Helmet Health

The role of cycling helmets is imperative: protect the brain. Our brain is suspended inside of our skulls and impacts can have severe consequences. From slight concussions to death, there is a real need to keep up with your helmet health and know when to replace it.

First, let’s talk about the basic parts of most helmets.

Helmets help reduce your risk for severe head injury by 65-88%

Wear & Tear

 

Now that you understand the parts of the helmet and why they are important, it’s time to talk about wear and tear. Most experts agree you should replace your helmet after three years. This is due to the foam, which is vital for the absorption of impacts. Foam breaks down over time due to sunlight, frequent use, and sweat, etc. If you look at your old helmet compared to a new one, you will probably notice a significant difference in the foam. The older one will be thinner with more grooves in it. The newer one will be plump, with the foam being mostly smooth.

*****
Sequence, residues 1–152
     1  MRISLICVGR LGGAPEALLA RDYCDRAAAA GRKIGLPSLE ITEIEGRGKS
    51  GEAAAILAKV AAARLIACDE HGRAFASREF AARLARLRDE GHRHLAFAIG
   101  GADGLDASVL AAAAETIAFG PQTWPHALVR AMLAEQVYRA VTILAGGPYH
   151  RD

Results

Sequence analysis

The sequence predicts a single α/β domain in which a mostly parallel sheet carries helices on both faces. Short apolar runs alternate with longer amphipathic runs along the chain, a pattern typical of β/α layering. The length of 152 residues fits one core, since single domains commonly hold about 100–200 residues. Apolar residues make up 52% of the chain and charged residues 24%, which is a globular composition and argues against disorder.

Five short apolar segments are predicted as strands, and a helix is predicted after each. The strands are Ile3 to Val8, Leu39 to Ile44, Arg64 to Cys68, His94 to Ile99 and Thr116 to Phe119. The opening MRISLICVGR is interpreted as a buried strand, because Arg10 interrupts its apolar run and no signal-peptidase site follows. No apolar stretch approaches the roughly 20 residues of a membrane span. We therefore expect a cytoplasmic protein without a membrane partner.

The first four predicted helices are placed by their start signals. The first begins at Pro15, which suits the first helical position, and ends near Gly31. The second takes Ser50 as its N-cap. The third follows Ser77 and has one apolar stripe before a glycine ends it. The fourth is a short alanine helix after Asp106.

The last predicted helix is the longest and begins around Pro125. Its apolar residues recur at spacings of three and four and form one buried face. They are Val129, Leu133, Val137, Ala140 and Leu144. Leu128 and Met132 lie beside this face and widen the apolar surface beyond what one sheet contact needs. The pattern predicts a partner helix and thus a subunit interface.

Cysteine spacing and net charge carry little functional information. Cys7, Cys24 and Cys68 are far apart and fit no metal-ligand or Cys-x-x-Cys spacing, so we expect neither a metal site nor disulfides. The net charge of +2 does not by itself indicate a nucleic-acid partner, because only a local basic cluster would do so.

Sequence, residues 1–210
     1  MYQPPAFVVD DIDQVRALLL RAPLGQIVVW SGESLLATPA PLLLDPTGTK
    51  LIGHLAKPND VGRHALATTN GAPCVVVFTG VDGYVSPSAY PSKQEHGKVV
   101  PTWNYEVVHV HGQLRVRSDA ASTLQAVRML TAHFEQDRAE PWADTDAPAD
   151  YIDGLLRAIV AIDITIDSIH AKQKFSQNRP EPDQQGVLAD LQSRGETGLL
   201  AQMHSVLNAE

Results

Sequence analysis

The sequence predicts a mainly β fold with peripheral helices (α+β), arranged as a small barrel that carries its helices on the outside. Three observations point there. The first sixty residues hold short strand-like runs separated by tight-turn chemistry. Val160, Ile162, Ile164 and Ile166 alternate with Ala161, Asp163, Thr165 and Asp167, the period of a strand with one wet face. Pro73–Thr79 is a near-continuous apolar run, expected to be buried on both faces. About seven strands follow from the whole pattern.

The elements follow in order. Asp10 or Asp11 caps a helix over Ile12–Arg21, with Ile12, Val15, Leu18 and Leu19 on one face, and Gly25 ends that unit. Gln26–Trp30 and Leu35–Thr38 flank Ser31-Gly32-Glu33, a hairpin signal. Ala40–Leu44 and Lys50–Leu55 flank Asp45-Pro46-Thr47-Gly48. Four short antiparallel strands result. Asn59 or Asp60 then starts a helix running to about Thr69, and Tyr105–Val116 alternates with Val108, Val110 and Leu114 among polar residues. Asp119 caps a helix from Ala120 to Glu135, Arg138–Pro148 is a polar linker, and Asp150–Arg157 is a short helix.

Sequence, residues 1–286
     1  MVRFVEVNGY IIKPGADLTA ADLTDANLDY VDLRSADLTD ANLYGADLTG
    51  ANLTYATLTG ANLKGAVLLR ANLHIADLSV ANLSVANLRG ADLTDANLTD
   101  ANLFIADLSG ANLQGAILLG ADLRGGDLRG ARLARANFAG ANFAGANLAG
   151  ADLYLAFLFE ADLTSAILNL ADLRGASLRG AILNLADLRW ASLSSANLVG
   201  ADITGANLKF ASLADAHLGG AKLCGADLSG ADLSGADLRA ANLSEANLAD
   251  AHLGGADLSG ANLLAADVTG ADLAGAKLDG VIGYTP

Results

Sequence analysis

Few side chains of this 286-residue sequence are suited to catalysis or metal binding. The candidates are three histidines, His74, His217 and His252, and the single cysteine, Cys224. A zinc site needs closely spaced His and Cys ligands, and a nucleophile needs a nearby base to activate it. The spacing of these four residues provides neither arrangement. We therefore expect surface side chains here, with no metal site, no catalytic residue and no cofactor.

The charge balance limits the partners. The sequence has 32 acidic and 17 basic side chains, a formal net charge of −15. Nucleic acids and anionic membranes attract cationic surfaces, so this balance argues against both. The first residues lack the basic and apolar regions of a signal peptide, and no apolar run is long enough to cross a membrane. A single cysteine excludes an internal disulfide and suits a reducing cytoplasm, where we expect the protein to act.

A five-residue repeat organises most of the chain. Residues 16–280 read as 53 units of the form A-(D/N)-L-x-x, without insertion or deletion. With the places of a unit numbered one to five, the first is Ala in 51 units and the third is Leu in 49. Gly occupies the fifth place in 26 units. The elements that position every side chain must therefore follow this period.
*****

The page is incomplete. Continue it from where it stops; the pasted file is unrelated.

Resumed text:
There is some debate on whether a helmet should be replaced after every impact or if they should only be replaced after severe impacts that compromise the integrity of the helmet. Keep in mind that even small tumbles can hide big problems. Even if there is no outward damage there could be a severe integrity issue that’s being hidden by the hard plastic shell.

 

Protecting your head should be your number one priority. Make sure to keep up with your helmet's health and replace when needed.

Always consult a doctor before starting any new exercise or diet routine and follow all safety protocols for appropriate social distancing.

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